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Next: 3.5 Discussion Up: 3.4 Digit classification Previous: 3.4.1 Methods

3.4.2 Results

The results for the classification of the 28×28 digits are shown in table 3.1. The error rates for the two NGPCA variants were averaged over three separate training cycles (the difference between best and worst was around 0.2% for both variants). Both variants are better then a model using only a single PCA, and also better then Neural Gas with the same number of free parameters. MPPCA-ext could not be tested on this set because the large distances between digits lead to numerical zero probabilities (the maximum distance in a 784-dimensional cube of side length one is 28, this is large compared to a $ \sigma$ of around 0.1).

Table 3.1: Classification performance on digits of size 28×28 from a training set composed of 60000 digits. The extension of Neural Gas to local PCA (NGPCA) is compared to PCA and Neural Gas.
training method error

NGPCA-constV 2.77%
PCA 4.85%
Neural Gas 4.22%

In the following, the ellipsoids of the NGPCA model are visualized (Möller and Hoffmann, 2004). Figure 3.10 shows the centers of the ten ellipsoids for each digit. Each center represents the local average over a subgroup of digits. Different ways to write a digit become visible, for example, digit `7' with or without a cross-bar.

The ellipsoid axis (eigenvectors) for one digit are visualized in figure 3.11. The eigenvectors represent variations around a center. This can be illustrated by adding multiples of an eigenvector to a center (figure 3.12). In the presented example, different sizes of the digit `2' are covered by the local PCA.

Figure 3.10: Centers of all units obtained from NGPCA.

Figure 3.11: Center (left image) and eigenvectors (from left to right in the order of the descending eigenvalues) of one unit of the fitted model for the digit `2'. In the eigenvector diagrams, white and black indicate positive respective negative components.

Figure 3.12: Variation of a digit by adding multiples of the principal eigenvector $ \bf w^{1}_{}$ to the center $ \bf c$. The center image $ \bf c$ is marked by a frame, the eigenvector $ \bf w^{1}_{}$ is shown on the right side. From the center to the left, -0.5$ \sqrt{{\lambda ^1}}$$ \bf w^{1}_{}$ is added to each picture. Thus, the picture on the very left deviates by -2$ \sqrt{{\lambda ^1}}$$ \bf w^{1}_{}$ from the center. From the center image to the right, the vector 0.5$ \sqrt{{\lambda ^1}}$$ \bf w^{1}_{}$ is added. The principal eigenvalue was $ \lambda^{1}_{}$ = 5.2.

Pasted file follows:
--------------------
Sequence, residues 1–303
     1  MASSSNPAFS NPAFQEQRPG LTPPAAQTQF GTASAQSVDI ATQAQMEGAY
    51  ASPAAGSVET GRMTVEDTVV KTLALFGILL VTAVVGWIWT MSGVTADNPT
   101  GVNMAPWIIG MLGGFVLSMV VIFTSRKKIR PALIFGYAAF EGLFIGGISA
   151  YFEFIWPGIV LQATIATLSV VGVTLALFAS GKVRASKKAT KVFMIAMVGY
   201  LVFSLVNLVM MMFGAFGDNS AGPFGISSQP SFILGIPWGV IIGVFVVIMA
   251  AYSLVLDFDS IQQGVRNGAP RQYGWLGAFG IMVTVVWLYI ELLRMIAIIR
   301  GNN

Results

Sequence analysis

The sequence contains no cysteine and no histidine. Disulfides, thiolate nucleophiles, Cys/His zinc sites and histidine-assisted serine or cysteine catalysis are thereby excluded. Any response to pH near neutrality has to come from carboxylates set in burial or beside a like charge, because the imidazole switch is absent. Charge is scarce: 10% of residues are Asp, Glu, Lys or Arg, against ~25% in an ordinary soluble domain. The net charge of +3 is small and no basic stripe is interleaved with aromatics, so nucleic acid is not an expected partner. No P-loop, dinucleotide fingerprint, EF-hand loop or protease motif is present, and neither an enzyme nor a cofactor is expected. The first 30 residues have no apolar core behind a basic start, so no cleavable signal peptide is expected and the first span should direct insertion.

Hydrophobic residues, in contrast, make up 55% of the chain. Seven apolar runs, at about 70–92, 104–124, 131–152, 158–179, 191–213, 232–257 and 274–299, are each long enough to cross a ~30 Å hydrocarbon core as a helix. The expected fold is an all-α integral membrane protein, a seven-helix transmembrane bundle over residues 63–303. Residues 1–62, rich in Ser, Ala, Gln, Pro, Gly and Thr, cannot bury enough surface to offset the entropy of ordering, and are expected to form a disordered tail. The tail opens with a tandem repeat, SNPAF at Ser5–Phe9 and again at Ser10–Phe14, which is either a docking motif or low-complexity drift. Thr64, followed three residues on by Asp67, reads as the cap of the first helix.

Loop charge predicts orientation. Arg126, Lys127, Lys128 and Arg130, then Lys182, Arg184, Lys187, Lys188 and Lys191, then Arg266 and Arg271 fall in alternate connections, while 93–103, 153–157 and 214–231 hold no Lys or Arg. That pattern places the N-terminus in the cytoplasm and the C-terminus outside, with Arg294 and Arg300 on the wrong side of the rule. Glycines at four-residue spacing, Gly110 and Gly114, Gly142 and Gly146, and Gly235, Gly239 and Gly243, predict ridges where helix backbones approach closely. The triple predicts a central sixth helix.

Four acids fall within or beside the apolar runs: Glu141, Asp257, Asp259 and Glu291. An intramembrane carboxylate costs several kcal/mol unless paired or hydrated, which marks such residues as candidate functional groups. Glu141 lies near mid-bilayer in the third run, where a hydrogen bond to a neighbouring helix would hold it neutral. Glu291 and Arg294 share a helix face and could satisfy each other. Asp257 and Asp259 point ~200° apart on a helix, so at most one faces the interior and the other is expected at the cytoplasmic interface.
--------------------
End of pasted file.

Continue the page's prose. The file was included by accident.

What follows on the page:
Figure 3.13 shows a sample of mis-classified digits. Some of the mis-classified digits resemble the center they were assigned to (for example, the digit `9'). These digits seem to be extremes that lie close to representatives of another class.

Figure 3.13: Sample of the mis-classified digits. The first mis-classified digit of each class is shown (top row, class `0' to `9' from left to right) together with the center vector of the unit to which the pattern was assigned (bottom row).

The training set with digits of size 8×8 was used for a comparison with MPPCA-ext, and also for a comparison with local PCA mixture models from the literature (Hinton et al., 1997; Tipping and Bishop, 1999). These models worked on a different data set (CEDAR, which is commercial), however the size of the images ( 8×8) and the number of training patterns (1000 per digit) were the same. Moreover, these models had the same complexity as our models, namely ten units with ten principal components each. Tipping and Bishop (1999) used the discussed MPPCA model, and Hinton et al. (1997) used a mixture model that minimized the reconstruction error (as mentioned in section 2.3). Other mixture models that were tested on hand-written digits have a different complexity, for example, Meinicke and Ritter (2001) used a variable number of principal components. These models were excluded because they are hard to compare. Table 3.2 shows the result of the comparison. The errors from our models were averaged over three separate training cycles (the difference between worst and best was around 0.2%). Tipping and Bishop (1999) presented the result of the best training cycle.

Table 3.2: Classification performance on digits of size 8×8 from a training set composed of 10000 digits. Results are compared to two other local PCA mixture models that have the same complexity.
training method database error

MNIST 4.78%
NGPCA-constV MNIST 4.64%
MPPCA-ext MNIST 4.58%
Tipping and Bishop (1999) CEDAR 4.64%
Hinton et al. (1997) CEDAR 4.91%

next up previous contents
Next: 3.5 Discussion Up: 3.4 Digit classification Previous: 3.4.1 Methods
Heiko Hoffmann